POLITICIANS won't say whether the council or the state government will control the water captured in the new Dungowan Dam.
The Prime Minister and Premier made a flying visit to Tamworth at the weekend to announce the state and federal governments would jointly fund a new $480 million dam for the city.
The announcement was lauded by local leaders, but the Premier, mayor and state MP all dodged questions on who would manage the water potentially captured in the new dam.
The trio said it would be resolved in the coming weeks.
Tamworth MP Kevin Anderson rejected claims the decision was rushed, while conceding there was "a lot of detail and a lot of planning still to come".
The state government will pay for the majority of the project; half of the federal government contribution will come in the form of a loan to NSW.
Tamworth Regional Council will have a significant stake in the project, having bought all of the necessary land around Terrible Billy Creek.
Mr Anderson was absent for the historic announcement on Sunday, but he confirmed on Monday the state would build the dam.
Whether it becomes a NSW government asset remains to be seen.
"Let's get the planning under way first," he said.
"Let's get the dozers in the ground, let's start building this dam and, as the weeks progress, further plans and details will emerge."
At Sunday's announcement, Premier Gladys Berejiklian wouldn't reveal which level of government would control the water the new dam would yield.
"Well, these are issues that, of course, we will move forward with, but what is a priority for us is having the water there to support the communities," she said.
"They're lovely discussions to be in a position to be able to have, because we weren't able to have those discussions before."
Mr Anderson, the Minister for Better Regulation, appeared keen to cut every regulatory red-taped corner possible to build the dam as quickly as possible while deferring detailed discussions.
He said he'd put new planning laws - designed to fast-track state-significant critical infrastructure - "to the sword".
"I am going to make sure we bust the red tape and bust any brick wall that looks like being put up to slow this project down," he said.
Sunday's announcement is not expected to help the city through the current drought: the year 2024 has been given as an early completion date.
Mr Anderson said the project would be a long-term solution for the city and rejected criticism that a new dam wouldn't instantly mean more water stored.
"We [will] never find ourselves in this situation again," he said.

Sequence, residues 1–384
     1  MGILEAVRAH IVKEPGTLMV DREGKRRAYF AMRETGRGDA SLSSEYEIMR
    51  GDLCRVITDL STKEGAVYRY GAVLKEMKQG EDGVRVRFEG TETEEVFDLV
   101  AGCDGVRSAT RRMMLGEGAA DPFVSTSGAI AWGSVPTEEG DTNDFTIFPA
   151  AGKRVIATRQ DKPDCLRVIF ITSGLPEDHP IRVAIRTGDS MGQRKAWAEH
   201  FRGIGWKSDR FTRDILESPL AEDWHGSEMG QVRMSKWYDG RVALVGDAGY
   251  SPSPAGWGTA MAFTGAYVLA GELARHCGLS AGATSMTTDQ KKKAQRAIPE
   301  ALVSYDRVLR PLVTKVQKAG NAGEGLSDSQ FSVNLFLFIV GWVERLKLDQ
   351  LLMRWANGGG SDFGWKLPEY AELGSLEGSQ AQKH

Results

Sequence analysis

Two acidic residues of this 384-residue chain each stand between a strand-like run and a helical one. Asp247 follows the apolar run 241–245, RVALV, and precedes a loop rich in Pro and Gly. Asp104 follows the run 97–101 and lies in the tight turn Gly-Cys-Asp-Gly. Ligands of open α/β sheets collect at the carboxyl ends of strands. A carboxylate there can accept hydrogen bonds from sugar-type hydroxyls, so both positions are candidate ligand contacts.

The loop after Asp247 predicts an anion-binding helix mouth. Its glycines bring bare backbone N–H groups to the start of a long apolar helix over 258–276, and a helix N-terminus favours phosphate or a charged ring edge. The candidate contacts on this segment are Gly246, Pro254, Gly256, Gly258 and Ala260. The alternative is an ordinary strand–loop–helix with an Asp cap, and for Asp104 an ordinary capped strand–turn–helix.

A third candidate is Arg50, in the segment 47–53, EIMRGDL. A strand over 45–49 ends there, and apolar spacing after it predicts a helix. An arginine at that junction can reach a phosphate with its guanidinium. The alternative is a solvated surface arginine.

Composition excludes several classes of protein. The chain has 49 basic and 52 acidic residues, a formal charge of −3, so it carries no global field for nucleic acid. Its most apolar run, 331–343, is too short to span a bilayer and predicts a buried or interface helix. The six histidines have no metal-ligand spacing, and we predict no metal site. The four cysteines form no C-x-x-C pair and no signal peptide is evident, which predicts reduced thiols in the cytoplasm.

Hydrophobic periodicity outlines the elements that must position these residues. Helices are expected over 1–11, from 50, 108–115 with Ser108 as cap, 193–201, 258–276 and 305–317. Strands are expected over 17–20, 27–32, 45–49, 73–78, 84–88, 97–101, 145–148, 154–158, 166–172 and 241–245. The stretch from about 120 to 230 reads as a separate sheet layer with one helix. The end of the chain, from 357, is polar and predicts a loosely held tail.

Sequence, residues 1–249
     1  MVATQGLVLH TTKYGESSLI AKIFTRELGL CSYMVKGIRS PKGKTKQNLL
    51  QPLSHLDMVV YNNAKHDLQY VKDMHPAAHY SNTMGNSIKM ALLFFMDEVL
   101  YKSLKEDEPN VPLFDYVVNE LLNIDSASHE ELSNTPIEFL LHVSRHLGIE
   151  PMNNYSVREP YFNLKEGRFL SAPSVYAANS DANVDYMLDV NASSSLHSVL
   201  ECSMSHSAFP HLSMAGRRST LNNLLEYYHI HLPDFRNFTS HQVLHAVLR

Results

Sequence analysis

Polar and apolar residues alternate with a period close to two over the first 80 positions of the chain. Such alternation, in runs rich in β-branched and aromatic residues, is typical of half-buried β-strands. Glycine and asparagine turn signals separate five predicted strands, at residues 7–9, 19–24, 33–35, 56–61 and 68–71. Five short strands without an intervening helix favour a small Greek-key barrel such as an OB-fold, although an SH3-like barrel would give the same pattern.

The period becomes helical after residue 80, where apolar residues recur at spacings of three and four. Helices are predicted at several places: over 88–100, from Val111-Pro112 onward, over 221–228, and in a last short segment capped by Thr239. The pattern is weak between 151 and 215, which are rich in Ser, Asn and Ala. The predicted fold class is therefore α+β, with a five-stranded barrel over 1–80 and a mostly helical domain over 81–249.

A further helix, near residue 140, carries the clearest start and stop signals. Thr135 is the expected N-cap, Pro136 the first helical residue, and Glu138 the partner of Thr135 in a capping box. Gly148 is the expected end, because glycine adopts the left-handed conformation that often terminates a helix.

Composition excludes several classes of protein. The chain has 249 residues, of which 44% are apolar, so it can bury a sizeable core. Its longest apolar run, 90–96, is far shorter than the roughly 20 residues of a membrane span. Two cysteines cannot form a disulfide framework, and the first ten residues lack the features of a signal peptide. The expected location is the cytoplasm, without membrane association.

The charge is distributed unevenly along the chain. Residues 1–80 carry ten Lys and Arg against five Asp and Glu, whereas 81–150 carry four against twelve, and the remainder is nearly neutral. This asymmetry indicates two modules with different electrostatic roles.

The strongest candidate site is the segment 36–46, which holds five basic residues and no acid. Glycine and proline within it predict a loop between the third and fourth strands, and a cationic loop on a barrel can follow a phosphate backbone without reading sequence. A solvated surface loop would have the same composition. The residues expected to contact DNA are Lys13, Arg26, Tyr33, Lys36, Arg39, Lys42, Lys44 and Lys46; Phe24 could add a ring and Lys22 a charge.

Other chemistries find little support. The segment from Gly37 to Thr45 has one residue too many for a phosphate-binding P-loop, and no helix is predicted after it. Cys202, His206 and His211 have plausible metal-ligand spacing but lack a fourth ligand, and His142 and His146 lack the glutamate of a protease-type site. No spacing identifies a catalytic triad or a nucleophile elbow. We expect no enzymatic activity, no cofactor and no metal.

He suggested similar arguments had arisen when Chaffey was expanded.
"We pumped a significant amount of money - again with the federal and state government, as well as the local government - to upgrade Chaffey Dam from 60,000 megalitries to 100,000 megalitres and, once we finished the build on that, it rained for three months solid and filled that dam," he said.
"We know it will rain.
"I am sincerely hoping once you start digging, once you start moving some soil around, the rains will come."
Tamworth mayor Col Murray said the question of who'd control the new dam had been broached with the water minister.
He said it was a very important issue for the community and it needed to be sorted out.
"Minister [Melinda] Pavey and myself have had those discussions," he said.
"In the early stages, we have agreed getting the water security is the most important issue.
"We will get that issue nailed down and we will have the discussions about where the ownership of the water goes."
He believed it could be a big factor in in the Peel water-sharing plan, which is currently being reviewed.
"It is a big issue because how this valley works in conjunction with the Peel Valley and how this dam might work with the Chaffey Dam and how the water sharing plan plays out - that will have a big impact on all of these discussions," he said.
Cr Murray agreed the new dam funding was probably one of the biggest announcements in the history of the city.
He hoped it would plug an economic drain on Tamworth.
"The fact that water security is probably the biggest issue for the community obviously makes it the single biggest issue for the council and myself," he said.
"This is a massive day for Tamworth, I believe.
"I think we have already seen some indications of investment being lost to the city.
"This should shore it up for the future, and onwards and upwards to 100,000."
At Sunday's announcement, Cr Murray said Tamworth was probably one "of the most water-restricted cities in regional Australia over the last 10 or 15 years".